“Loyalist Trails” 2020-24: June 14, 2020

In this issue:
Loyalist Day in Ontario, Saskatchewan and Edmonton, Alberta
An Inconvenient Truth, by Stephen Davidson
Why UELAC Scholarship Matters
2020 Scholarship Challenge Update: Week 3
Decoding the Book of Negroes (Part 1 of 4), by Stephen Davidson
The Myth of Intolerance of Loyalists
Beaver Harbour NB Abolishes Slavery
Fort Erie ON Mayor on Racism
JAR: Reasons Against the Renewal of the Sugar Act (Part 1)
Book Review: Sailing Under John Paul Jones: The Memoir of Continental Navy Midshipman Nathaniel Fanning
Borealia: Introducing Loyalist Migrations
Enslaved Belinda Sutton’s Petition for Reparations
Slavery and the British Country House
Robert Outhouse, Tiverton NS and Pleasant Hill Cemetery
Resources: Primary Sources Online: JAR Contributor Recommendations
How Many Hand-sewn Stitches in an 18thc Man’s Shirt?
UE Loyalist Certificates Issued Recently
Where in the World?
Region and Branch Bits
+ Webinar: Loyal Then, Loyal Now, Featuring Linda Corupe
+ Loyalist Day in Ontario: Kawartha Branch
+ Webinar: Researching a Loyalist Soldier
Additions to the Loyalist Directory
From the Twittersphere and Beyond
Last Post: Wallace Edmond McLeod, UE


Loyalist Day in Ontario, Saskatchewan and Edmonton, Alberta

June 12: United Empire Loyalist Day in Kingston, Ontario

Significance: “His Majesty approves the plan you have proposed for settling some of the Loyalists at Cataraqui and places adjacent” – Royal Proclamation of George III received by Governor Haldimand at Quebec on the 12th June, 1784.

June 19: United Empire Loyalist Day in Ontario

Observances: Since 1998, United Empire Loyalist Day is observed locally with raising of the Loyalist flag and ceremony as organized by the Ontario Branches either on the date or on the closest weekend.

June 19: United Empire Loyalist Day in Saskatchewan

In 2000, the Regina Branch UELAC applied to the Provincial Government to have June 19th designated as United Empire Loyalist Day in Saskatchewan. Success was secured with the passing of a Private Member’s bill. Each year since, the Branch has requested and received the same designation for June 19 from the Provincial Government. The huge Loyalist flag flies proudly from the Premier’s balcony each year on that day.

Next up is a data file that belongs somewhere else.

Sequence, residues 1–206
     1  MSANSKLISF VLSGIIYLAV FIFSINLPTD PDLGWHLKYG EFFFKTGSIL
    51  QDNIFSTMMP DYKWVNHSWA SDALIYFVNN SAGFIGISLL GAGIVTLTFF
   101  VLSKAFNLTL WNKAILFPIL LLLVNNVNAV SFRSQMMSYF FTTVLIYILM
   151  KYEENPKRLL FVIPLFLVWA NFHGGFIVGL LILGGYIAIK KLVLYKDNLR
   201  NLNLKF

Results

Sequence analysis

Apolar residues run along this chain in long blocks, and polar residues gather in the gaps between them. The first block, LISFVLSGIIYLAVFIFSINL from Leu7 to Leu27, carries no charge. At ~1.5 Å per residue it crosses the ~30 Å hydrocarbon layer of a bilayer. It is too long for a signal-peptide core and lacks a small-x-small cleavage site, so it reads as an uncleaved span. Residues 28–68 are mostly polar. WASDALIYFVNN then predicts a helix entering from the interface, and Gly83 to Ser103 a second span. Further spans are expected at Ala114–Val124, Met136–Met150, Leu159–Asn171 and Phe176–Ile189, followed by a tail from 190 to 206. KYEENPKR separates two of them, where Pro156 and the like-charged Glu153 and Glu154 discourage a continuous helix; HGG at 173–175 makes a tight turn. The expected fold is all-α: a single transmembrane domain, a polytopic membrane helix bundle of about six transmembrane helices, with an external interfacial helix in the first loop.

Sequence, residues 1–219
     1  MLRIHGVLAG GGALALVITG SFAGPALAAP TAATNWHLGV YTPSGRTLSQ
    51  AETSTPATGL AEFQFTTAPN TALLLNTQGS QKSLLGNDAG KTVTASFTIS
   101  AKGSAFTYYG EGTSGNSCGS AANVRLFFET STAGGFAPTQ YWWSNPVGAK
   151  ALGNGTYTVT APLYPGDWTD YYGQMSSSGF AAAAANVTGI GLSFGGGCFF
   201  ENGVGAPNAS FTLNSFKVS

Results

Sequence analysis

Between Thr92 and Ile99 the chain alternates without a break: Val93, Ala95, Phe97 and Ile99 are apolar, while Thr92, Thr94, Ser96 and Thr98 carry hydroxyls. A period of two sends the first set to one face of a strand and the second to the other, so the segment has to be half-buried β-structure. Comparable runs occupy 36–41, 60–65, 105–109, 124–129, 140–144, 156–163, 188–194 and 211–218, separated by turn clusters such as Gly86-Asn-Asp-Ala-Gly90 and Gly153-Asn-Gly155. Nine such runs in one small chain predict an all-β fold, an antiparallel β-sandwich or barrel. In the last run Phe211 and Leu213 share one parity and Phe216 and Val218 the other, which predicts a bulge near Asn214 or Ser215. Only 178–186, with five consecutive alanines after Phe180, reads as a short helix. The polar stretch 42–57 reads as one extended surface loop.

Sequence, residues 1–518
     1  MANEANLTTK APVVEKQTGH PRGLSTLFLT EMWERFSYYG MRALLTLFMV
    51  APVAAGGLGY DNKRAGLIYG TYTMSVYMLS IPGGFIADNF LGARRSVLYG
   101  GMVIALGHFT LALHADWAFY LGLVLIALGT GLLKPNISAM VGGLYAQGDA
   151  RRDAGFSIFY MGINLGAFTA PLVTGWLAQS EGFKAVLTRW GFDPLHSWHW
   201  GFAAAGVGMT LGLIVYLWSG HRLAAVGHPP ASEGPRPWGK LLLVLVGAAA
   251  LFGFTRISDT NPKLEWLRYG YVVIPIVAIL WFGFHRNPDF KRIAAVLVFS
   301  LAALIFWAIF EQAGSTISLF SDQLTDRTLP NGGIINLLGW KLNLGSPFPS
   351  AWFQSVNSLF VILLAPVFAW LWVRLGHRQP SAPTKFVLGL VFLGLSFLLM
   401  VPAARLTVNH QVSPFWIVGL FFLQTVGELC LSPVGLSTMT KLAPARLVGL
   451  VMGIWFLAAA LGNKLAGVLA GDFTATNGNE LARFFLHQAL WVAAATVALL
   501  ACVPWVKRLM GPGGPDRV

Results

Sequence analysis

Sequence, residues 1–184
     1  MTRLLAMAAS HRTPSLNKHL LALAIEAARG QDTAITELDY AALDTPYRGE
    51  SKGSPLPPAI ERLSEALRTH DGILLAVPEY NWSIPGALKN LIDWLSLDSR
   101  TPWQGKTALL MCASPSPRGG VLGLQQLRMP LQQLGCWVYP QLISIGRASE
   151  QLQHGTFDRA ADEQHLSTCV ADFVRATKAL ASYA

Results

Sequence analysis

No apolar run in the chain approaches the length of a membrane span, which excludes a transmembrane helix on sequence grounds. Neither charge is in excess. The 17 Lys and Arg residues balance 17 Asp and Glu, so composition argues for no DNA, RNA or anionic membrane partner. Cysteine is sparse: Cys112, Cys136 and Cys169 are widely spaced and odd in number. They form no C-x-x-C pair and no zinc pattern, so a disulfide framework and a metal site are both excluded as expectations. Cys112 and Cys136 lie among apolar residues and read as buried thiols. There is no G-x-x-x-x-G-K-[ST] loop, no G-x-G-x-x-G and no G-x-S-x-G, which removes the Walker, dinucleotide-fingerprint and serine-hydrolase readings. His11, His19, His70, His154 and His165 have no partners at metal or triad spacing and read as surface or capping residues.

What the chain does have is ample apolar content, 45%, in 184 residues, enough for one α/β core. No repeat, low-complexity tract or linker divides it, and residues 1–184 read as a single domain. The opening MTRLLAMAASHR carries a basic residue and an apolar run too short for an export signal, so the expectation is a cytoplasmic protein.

June 19:United Empire Loyalist Day in Edmonton, Alberta

Observances: Since 2011, the Edmonton Branch UELAC has applied to the City of Edmonton to have June 19 declared “United Empire Loyalist Day in Edmonton.”

As many of the celebrations have been cancelled or significantly curtailed due to Covid-19, here is a way to take note. Although it specifically focuses on Ontario, he good wishes apply to all.

Happy Loyalist Day Wishes from Nova Scotia

As we approach Loyalist Day in Ontario I have been reading about the origin and history. From this I have prepared a short video which I hope you enjoy.

The video includes information about the process to have it made Loyalist Day and photos from the time and subsequent United Empire Loyalists’ Days.

Happy Loyalist Day!

…Brian McConnell, UE

An Inconvenient Truth

By Stephen Davidson, UE

When the pandemic first became a reality in Canada, Loyalist history buffs began to write articles about the impact of previous epidemics on the American Revolution and in the years that encompassed the era of Loyalist refugee settlement. You featured quite a few of them in Loyalist Trails. It’s only natural that we would look to the past to see if it contains any lessons for the present situation.

However, when the death of George Floyd began a ripple effect of protest and outrage, Loyalist historians were not so quick to submit articles. There is a good reason for that. For white Loyalists, Black lives did not matter. It’s an inconvenient truth of the Loyalist era.

First race riot in Canada? Shelburne, Nova Scotia – the largest Loyalist settlement in the British Empire in 1784.

Institutionalized racism? The 1785 charter of incorporation for Saint John, New Brunswick. Canada’s “Loyalist City” banned Black workers and residents.